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Immunizations

We're committed to keeping you and your family protected!

At Goochland Pharmacy our licensed Pharmacists can provide most all FDA approved vaccines to you and your family.  Vaccines do NOT require a prescription for anyone > 3 years of age, and are covered with most insurance plans (Medicaid plans only cover age 18 and older at a pharmacy).

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Vaccines are administered on a walk-in basis or by appointment. **COVID-19 vaccines require an appointment.** Please call us or click below to schedule your appointment

SEARCH FOR YOUR VACCINATION RECORD

  • Click the link below to locate your vaccinations in the Virginia Immunization Information System

COVID-19

COVID-19 most often causes respiratory symptoms that can feel much like a cold, the flu, or pneumonia.  Most people with COVID-19 have mild symptoms, but some people become severely ill.

Children, teens, and adults may get a COVID-19 vaccine and other vaccines, including a flu vaccine, at the same time.

 

Stay Up to Date with COVID-19 Vaccines

Click here for the CDC's COVID-19 dose schedule

Influenza - Regular and High Dose

Everyone 6 months and older should get a flu vaccine every season with rare exceptions. Vaccination is particularly important for people who are at higher risk of serious complications from influenza.

Flu vaccination has important benefits. It can reduce flu illnesses, visits to doctor’s offices, and missed work and school due to flu, as well as make symptoms less severe and reduce flu-related hospitalizations and deaths.

Click here for the CDC's flu vaccine information statement

Hep A and Hep B

Hepatitis A is a liver disease caused by the hepatitis A virus (HAV). Hepatitis A can affect anyone. Vaccines are available for long-term prevention of HAV infection in persons 1 year of age and older. Good personal hygiene and proper sanitation can also help prevent the spread of hepatitis A.

Hepatitis B vaccine is available for all age groups. The hepatitis B vaccine is recommended for all infants, all children or adolescents younger than 19 years of age who have not been vaccinated, all adults age 19 through 59 years, and adults age 60 years or older with risk factors for hepatitis B infection. Adults who are 60 years or older without known risk factors for hepatitis B may also receive hepatitis B vaccine.

Click here for the CDC's Hep A vaccine information statement

Click here for the CDC's Hep B vaccine information statement

Meningococcal

Meningococcal disease refers to any illness caused by bacteria called Neisseria meningitidis. These illnesses are often severe, can be deadly, and include infections of the lining of the brain and spinal cord (meningitis) and bloodstream. Keeping up to date with recommended vaccines is the best protection against meningococcal disease.

The best way to prevent meningococcal disease is to get vaccinated. CDC recommends meningococcal vaccination for

  • All preteens and teens

  • Children at increased risk for meningococcal disease

  • Adults at increased risk for meningococcal disease

Click here for more information on the Meningococcal vaccine

Pneumococcal

Vaccines help prevent pneumococcal disease, which is any type of illness caused by Streptococcus pneumoniae bacteria.

Adults 65 years or older have the option to get PCV20 if they have already received

  • PCV13 (but not PCV15 or PCV20) at any age

    AND

  • PPSV23 at or after the age of 65 years old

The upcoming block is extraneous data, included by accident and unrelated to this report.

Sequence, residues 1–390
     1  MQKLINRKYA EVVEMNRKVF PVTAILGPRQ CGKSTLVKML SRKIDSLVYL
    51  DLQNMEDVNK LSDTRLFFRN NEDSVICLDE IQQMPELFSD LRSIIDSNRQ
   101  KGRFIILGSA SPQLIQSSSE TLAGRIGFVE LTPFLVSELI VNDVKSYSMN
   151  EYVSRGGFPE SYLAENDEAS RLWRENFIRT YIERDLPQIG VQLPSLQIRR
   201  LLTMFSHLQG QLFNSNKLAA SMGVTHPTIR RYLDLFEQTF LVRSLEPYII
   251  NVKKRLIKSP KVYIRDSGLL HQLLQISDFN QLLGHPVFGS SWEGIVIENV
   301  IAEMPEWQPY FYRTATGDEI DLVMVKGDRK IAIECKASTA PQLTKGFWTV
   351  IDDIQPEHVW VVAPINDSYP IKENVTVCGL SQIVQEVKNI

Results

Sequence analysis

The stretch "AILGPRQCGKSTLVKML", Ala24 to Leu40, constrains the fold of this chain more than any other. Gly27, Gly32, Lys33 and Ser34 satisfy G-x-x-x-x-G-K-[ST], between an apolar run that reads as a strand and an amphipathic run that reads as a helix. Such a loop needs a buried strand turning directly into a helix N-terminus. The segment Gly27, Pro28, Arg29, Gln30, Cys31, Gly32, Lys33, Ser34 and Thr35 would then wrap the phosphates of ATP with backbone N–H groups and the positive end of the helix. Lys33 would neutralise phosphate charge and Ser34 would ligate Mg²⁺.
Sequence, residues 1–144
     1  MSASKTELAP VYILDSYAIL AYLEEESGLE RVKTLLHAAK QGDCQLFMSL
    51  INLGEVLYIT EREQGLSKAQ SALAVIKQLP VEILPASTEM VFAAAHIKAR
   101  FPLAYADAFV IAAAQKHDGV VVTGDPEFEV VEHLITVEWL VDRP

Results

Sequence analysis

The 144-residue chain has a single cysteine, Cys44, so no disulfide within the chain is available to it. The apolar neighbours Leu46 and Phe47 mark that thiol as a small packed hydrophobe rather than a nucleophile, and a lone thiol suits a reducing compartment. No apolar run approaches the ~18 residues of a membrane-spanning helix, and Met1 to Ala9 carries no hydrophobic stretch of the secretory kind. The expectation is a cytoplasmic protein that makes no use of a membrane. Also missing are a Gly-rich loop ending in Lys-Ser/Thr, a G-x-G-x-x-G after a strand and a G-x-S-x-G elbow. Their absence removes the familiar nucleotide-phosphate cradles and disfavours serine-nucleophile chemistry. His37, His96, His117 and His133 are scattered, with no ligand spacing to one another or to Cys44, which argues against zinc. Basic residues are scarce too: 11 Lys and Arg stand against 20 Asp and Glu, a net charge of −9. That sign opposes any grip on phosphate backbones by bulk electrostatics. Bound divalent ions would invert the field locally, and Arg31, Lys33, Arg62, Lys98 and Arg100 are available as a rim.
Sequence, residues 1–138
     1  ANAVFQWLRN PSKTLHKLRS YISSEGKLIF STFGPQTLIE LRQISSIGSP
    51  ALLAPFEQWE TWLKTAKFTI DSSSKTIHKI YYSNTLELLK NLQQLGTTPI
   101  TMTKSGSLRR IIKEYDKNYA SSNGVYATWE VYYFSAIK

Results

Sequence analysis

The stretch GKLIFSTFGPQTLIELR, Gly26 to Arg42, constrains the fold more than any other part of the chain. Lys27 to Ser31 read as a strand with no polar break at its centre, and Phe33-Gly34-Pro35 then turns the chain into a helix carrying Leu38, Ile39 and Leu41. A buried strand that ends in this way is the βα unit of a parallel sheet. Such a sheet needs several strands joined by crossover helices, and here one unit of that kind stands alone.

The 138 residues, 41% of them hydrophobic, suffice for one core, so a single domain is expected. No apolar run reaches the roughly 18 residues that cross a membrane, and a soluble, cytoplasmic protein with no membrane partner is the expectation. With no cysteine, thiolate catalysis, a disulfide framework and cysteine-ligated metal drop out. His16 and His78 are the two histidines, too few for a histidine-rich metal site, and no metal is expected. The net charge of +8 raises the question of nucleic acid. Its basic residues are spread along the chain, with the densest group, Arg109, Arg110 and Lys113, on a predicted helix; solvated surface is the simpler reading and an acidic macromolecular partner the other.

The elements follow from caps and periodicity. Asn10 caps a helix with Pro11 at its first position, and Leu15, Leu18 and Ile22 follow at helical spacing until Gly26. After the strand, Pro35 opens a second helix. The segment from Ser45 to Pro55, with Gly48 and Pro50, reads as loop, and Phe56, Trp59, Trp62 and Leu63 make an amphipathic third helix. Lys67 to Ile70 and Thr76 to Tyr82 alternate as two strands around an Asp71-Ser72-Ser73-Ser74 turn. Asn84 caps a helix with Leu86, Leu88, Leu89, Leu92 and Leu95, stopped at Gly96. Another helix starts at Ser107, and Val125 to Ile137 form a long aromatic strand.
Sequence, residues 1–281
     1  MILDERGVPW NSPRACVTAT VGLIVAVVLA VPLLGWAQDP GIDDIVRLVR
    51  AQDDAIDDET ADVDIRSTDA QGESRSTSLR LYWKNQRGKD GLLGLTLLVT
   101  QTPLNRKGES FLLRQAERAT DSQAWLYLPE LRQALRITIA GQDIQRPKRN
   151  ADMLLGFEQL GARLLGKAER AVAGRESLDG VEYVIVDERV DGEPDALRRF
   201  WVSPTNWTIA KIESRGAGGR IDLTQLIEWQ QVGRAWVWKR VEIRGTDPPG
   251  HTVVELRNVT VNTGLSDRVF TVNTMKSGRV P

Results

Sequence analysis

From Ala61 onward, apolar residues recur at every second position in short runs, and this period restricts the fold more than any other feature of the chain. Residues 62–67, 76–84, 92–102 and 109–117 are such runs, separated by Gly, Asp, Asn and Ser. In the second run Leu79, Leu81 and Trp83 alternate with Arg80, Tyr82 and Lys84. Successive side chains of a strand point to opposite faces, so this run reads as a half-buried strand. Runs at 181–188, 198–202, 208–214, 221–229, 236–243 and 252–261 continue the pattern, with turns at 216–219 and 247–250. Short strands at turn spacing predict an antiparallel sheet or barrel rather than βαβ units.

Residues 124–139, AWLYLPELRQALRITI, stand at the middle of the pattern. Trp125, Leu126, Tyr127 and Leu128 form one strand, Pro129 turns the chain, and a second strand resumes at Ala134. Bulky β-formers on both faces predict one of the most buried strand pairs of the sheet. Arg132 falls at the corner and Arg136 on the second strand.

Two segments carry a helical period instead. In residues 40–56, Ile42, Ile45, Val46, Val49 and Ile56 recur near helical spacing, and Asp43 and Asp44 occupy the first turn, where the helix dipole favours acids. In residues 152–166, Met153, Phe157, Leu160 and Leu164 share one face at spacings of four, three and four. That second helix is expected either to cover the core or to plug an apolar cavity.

Click here for the CDC's Pneumococcal Conjugate vaccine information statement

RSV

Respiratory syncytial (sin-SISH-uhl) virus, or RSV, is a common respiratory virus that usually causes mild, cold-like symptoms. Most people recover in a week or two, but RSV can be serious. Infants and older adults are more likely to develop severe RSV and need hospitalization. Vaccines are available to protect older adults from severe RSV. 

  • Adults aged 60 years and older may receive a single dose of RSV vaccine using shared clinical decision-making.

Click here for the CDC's RSV vaccine information statement

Shingles

Shingles is a painful rash that usually develops on one side of the body, often the face or torso. The rash consists of blisters that typically scab over in 7 to 10 days and clears up within 2 to 4 weeks. Some people describe the pain as an intense burning sensation. For some people, the pain can last for months or even years after the rash goes away. 

CDC recommends two doses of recombinant zoster vaccine (RZV, Shingrix) to prevent shingles and related complications in adults 50 years and older.

Click here for the CDC's Shingles vaccine information statement

Tetanus/Diphtheria/Pertussis (Whooping Cough)

Tdap vaccine can prevent tetanus, diphtheria, and pertussis.

Diphtheria and pertussis spread from person to person. Tetanus enters the body through cuts or wounds.

  • TETANUS (T) causes painful stiffening of the muscles. Tetanus can lead to serious health problems, including being unable to open the mouth, having trouble swallowing and breathing, or death.

  • DIPHTHERIA (D) can lead to difficulty breathing, heart failure, paralysis, or death.

  • PERTUSSIS (aP), also known as “whooping cough,” can cause uncontrollable, violent coughing that makes it hard to breathe, eat, or drink. Pertussis can be extremely serious especially in babies and young children, causing pneumonia, convulsions, brain damage, or death. In teens and adults, it can cause weight loss, loss of bladder control, passing out, and rib fractures from severe coughing.

Tdap is only for children 7 years and older, adolescents, and adults.

Click here for the CDC's Tdap vaccine information statement

"Vaccines are the most cost effective healthcare interventions"

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